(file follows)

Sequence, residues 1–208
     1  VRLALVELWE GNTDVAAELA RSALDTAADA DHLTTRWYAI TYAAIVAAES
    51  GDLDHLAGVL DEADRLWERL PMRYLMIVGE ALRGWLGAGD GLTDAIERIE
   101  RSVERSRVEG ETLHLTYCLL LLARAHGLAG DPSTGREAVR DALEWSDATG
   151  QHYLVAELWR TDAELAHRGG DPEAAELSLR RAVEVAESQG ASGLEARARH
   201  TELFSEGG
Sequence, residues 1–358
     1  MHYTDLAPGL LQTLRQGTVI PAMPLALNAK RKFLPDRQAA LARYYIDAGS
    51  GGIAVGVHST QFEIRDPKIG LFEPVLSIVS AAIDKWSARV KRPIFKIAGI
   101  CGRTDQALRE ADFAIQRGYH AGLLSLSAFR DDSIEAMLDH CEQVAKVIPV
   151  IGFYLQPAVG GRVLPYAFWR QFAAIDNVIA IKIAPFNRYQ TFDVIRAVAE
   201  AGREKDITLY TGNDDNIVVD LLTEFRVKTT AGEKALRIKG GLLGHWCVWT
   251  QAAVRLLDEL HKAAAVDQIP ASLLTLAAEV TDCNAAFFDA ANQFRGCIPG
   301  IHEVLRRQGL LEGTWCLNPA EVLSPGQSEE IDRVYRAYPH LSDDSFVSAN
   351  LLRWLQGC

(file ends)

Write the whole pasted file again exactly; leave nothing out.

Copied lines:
Sequence, residues 1–208
     1  VRLALVELWE GNTDVAAELA RSALDTAADA DHLTTRWYAI TYAAIVAAES
    51  GDLDHLAGVL DEADRLWERL PMRYLMIVGE ALRGWLGAGD GLTDAIERIE
   101  RSVERSRVEG ETLHLTYCLL LLARAHGLAG DPSTGREAVR DALEWSDATG
   151  QHYLVAELWR TDAELAHRGG DPEAAELSLR RAVEVAESQG ASGLEARARH
   201  TELFSEGG
Sequence, residues 1–358
     1  MHYTDLAPGL LQTLRQGTVI PAMPLALNAK RKFLPDRQAA LARYYIDAGS
    51  GGIAVGVHST QFEIRDPKIG LFEPVLSIVS AAIDKWSARV KRPIFKIAGI
   101  CGRTDQALRE ADFAIQRGYH AGLLSLSAFR DDSIEAMLDH CEQVAKVIPV
   151  IGFYLQPAVG GRVLPYAFWR QFAAIDNVIA IKIAPFNRYQ TFDVIRAVAE
   201  AGREKDITLY TGNDDNIVVD LLTEFRVKTT AGEKALRIKG GLLGHWCVWT
   251  QAAVRLLDEL HKAAAVDQIP ASLLTLAAEV TDCNAAFFDA ANQFRGCIPG
   301  IHEVLRRQGL LEGTWCLNPA EVLSPGQSEE IDRVYRAYPH LSDDSFVSAN
   351  LLRWLQGC